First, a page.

If you want to understand what is going on at the nexus of technology and youth protest movements around the world, watch this video. Jared Cohen, who is a director at Google Ideas writing a book with Eric Schmidt and previously was an advisor to the State Department, gave the presentation above at Techonomy.
Cohen studied firsthand the Green Revolution in Iran, and then the Arab Spring. He noticed that young people in Iran were using Bluetooth, but not for wireless headsets, but rather as a technology to communicate peer-to-peer. People over 30 in Iran didn’t even know what Bluetooth was, so when the government tried to shut down SMS and cell networks during the protests in 2009, the protesters communicated with each other via Bluetooth (That’s how the famously disturbing video of “Neda” after she was shot made its way from the streets to the Internet).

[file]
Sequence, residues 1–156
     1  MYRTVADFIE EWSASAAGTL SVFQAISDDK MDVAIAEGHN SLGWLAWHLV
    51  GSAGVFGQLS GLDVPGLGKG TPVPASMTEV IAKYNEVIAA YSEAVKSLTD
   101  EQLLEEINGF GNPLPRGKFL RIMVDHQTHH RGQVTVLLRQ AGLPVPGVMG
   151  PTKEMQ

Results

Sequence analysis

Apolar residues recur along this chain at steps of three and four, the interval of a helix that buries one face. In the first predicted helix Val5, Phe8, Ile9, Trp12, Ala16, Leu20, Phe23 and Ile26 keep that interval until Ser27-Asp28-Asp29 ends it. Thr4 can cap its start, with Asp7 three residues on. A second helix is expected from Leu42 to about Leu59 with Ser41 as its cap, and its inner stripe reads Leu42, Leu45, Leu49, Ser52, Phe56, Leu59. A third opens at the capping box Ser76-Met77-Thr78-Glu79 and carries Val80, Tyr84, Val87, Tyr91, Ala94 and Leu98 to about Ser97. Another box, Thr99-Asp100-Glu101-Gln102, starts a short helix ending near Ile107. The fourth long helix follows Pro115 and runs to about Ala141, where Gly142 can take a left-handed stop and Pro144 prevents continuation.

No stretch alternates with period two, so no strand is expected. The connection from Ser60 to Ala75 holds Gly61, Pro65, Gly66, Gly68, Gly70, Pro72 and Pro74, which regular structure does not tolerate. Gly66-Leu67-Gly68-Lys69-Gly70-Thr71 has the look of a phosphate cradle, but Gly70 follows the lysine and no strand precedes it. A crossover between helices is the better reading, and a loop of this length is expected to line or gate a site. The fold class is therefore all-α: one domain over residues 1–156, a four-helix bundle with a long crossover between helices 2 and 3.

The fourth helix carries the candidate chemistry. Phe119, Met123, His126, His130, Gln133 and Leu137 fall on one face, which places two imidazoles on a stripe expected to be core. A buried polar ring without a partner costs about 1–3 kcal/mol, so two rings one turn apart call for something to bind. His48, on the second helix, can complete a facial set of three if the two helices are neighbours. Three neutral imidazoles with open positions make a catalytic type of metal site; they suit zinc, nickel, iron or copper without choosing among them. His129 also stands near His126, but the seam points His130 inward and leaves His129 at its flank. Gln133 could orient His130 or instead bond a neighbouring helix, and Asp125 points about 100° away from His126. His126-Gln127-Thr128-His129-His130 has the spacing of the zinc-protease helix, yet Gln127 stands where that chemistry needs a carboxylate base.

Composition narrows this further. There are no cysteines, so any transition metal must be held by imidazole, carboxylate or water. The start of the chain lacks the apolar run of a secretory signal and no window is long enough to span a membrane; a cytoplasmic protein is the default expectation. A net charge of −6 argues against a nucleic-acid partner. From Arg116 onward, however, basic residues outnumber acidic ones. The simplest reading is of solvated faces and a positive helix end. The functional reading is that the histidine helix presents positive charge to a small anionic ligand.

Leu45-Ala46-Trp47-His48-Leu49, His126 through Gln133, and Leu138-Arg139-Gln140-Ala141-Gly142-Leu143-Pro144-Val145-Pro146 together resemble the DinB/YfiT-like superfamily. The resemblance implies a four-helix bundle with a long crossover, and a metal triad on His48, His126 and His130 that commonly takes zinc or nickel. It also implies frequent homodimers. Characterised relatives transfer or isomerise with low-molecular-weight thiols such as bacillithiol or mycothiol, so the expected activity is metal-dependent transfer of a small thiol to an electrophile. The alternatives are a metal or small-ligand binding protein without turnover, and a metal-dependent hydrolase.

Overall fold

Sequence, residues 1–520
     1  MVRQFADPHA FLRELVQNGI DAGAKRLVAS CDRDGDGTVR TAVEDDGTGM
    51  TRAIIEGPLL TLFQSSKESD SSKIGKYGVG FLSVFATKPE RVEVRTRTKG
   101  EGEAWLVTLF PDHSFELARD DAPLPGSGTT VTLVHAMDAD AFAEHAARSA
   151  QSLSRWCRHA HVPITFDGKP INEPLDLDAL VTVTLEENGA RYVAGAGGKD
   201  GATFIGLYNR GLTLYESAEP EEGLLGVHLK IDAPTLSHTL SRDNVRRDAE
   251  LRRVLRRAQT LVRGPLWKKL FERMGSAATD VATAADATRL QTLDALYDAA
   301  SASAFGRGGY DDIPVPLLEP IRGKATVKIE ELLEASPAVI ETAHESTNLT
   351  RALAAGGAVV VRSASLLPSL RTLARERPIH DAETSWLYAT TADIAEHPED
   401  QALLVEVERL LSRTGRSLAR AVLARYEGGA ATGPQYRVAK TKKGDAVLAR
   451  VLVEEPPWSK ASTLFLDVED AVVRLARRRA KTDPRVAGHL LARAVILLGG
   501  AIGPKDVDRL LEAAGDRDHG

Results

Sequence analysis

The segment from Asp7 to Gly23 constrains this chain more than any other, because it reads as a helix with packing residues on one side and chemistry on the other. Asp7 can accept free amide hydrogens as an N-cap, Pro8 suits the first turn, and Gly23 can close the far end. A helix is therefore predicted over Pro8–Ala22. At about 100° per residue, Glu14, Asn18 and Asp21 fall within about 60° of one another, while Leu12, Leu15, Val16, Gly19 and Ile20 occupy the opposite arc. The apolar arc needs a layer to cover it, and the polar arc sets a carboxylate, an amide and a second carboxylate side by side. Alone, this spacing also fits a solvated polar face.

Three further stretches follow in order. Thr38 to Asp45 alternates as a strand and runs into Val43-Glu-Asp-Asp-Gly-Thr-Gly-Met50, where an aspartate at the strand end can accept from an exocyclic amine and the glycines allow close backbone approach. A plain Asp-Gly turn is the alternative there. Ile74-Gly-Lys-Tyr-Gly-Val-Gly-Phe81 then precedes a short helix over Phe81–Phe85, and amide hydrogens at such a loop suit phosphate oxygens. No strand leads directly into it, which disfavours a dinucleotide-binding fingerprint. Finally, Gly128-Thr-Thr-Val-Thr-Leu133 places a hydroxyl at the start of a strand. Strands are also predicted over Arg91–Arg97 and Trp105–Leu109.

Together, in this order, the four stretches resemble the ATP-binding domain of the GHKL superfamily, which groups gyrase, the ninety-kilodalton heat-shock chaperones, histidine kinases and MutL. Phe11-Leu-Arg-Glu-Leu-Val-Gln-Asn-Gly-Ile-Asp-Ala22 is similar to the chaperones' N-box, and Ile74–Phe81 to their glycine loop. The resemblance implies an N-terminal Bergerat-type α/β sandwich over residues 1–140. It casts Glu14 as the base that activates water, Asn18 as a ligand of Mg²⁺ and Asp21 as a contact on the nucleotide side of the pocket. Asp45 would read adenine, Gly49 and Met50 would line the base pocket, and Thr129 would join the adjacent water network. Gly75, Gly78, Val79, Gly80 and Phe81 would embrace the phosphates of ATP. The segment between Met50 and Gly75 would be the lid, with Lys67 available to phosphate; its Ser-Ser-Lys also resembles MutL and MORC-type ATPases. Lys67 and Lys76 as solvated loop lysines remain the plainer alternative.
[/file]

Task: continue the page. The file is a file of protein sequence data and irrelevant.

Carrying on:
The Iranian protestors would be the inspiration for the Arab Spring two years later. “It put an idea out there that a bunch of young people armed with nothing other than a mobile device can make a difference,” says Cohen.
“Technology doesn’t create new leaders,” he says, “it just makes it easier to organize and mobilize without a plan.” He sees a future in which “citizens and states will keep each other in check.”
Knowing what to do with these revolutions will be the hard part. “It will be easier to start revolutions,: predicts Cohen, “but they will be just as hard to finish”